are beverages packed with all the fun, fizz and flavor of soda pop sans the caloric punch too good to be true? Probably. More
Topic: artificial sweeteners
Despite it’s no-calorie status, sucralose (brand name Splenda) is “more than just something sweet that you put into your mouth with no other consequences,” researchers say. More
Open happiness? Quite the opposite, perhaps: Artificially-sweetened beverages like Diet Coke and other low-cal sodas may actually be making us depressed.
The Associated Press reported yesterday that Pepsi is quietly rolling out cans of Diet Pepsi made with a new sweetener, designed to increase the cola’s shelf life and “fresh” taste. The AP article assures us that the new sweetener won’t change the old Diet Pepsi flavor — but it says nothing about the safety of acesulfame or any potential health concerns. More
Artificial sweeteners are bad for you. This is not news. But companies just keep on touting the (nonexistent) health benefits of articicial sweeteners, trying to convince consumers that not only are they better than sugar, but that they’re actually good for you. The latest culprit? Johnson & Johnson, who are now being sued for claims that Splenda Essentials can help people lose weight and live healthier lives.
Filed under the category of This Is Why They Hate Us: The new trend in diet foods, according to the Associated Press, is to make things so ultra-low-cal that dieters can eat a huge portion without worry. Well, worry about breaking their diet, that is: Many low-cal foods achieve their status by loading up on artifical sweetners and other questionable ingredients. More
I live, by all intents and purposes, an extremely healthy lifestyle. I exercise daily, I eat only nutritionally-dense, vitamin-rich foods and refrain from junk at all costs. But most of all, I have no vices whatsoever. Swearsies. I have always refrained from drinking, smoking, doing drugs, eating meat, having dairy, and drinking coffee. Ask anyone.
That is, until last year, when that final vice – the delicious caffeinated brown beverages of the Colombian variety – finally popped my vice-cherry (so to speak). So naturally, I sweetened the coffee with the artificial varieties available at the cafés.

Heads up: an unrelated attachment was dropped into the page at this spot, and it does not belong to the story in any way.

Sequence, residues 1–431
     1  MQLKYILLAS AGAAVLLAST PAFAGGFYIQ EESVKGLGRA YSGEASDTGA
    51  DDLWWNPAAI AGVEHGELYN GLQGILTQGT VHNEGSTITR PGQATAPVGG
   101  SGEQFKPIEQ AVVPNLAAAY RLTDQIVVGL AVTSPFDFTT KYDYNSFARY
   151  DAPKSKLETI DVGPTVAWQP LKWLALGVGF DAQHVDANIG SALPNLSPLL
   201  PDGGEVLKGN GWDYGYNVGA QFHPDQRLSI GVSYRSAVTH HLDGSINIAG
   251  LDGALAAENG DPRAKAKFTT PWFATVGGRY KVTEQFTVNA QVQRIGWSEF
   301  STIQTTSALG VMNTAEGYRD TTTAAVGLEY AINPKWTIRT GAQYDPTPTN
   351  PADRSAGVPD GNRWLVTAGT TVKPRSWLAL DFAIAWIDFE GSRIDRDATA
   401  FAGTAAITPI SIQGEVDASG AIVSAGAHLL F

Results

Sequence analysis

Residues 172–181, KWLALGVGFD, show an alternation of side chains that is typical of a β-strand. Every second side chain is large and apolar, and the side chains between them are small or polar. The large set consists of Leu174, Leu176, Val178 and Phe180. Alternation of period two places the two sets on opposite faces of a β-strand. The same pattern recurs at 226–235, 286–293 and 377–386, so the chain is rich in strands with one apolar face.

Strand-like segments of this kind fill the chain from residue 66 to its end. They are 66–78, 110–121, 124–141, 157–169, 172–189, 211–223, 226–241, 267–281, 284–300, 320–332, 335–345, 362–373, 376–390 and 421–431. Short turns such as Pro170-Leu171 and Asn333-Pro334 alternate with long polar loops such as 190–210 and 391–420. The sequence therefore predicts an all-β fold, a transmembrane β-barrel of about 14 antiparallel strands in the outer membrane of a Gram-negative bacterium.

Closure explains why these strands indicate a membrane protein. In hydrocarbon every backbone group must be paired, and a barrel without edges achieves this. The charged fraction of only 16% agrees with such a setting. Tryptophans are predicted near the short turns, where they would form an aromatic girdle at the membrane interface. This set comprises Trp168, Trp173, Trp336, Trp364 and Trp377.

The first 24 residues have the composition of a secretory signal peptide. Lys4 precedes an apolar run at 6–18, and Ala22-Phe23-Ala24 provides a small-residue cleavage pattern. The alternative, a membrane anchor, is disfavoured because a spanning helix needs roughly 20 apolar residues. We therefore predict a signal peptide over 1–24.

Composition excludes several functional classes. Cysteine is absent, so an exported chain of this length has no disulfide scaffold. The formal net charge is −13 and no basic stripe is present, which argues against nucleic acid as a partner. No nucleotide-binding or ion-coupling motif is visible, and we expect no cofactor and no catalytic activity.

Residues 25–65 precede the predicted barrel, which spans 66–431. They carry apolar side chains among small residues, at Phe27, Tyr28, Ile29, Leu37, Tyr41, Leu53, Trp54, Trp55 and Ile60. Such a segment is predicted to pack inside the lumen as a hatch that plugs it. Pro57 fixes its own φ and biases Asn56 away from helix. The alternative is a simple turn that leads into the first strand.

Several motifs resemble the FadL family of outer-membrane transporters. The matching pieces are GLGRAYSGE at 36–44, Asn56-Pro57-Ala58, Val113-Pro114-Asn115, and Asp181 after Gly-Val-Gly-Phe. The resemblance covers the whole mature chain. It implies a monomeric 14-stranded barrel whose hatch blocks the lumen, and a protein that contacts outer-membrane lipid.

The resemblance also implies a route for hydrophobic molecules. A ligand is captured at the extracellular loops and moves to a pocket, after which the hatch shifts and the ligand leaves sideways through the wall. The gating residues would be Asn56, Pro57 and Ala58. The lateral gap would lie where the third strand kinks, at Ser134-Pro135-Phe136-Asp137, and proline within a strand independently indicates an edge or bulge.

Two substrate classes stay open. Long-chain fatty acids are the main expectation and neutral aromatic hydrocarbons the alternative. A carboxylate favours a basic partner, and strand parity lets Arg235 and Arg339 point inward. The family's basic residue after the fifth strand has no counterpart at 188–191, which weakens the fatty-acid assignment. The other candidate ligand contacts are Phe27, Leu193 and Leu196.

And now I’m addicted.
And what’s worse, I know this stuff is killing me. More
We’ve long been leery of all the chemicals, caffeine, and artificial sweeteners used to jack up drinkers of diet sodas, and a new study indicating that drinking diet soft drinks may increase risk for stroke only makes us more worried about the mysterious effects of those calorie-free cans. Researchers tracked the habits and health of about 2,500 adults in Manhattan over a nearly 10-year period, and found that those who drank diet sodas daily had about a 48% higher risk of stroke or heart attack than subjects who drank no soft drinks at all. More
A reader named Christi sent me the following thought-provoking question about this recent Blisstree post: 10 Foods You Think Are Healthy and Nutritious But Aren’t:
I read your post about several foods that we commonly mistake for being healthy. I saw the image of the fat-free, sugar-free pudding and read the description. I understand that this food probably has little to no nutritional value, but I’m curious why you think sugar substitutes are unhealthy? I’ve always tried to stay away from sugar substitutes, and also do without sugar when possible. (I stopped putting sugar in my coffee a few years ago.) But I never really understood why it would be unhealthy to have sugar substitutes.
Great question, Christi. When I was studying for my R.D. exam many moons ago, I memorized a lot of information and random facts – much of which I’ve since forgotten. But one of the things I retained is the knowledge of an eating disorder known as pica. Those who suffer from pica eat non-food substances such as dirt, soap, or chalk; it’s quite serious. I’ve always likened eating fake foods such as sweeteners (saccharin, aspartame, and sucralose), with “no nutritional value” to this disorder. So if we don’t suffer from pica, what’s the appeal of food impersonators? More
If you just buy the sugar-free version of your favorite candies, your diet’s still in the clear, right? Not so fast. It turns out that some artificial sweeteners and “sugar-free” products can still raise your blood sugar levels. The New … More
Mad Men starts back up this Sunday night on AMC, and with it comes that healthy dose of retro ideologies, reminding us how far we’ve come in terms of civil rights and women’s rights. (Work it, Peggy!) But today’s hubbub … More
In our latest Q&A with our favorite nutritionist, Lauren Slayton, we learned that diet soda actually promotes weight gain, rather than weight loss. If you cried when you read that, don’t worry — we did, too. So we were excited … More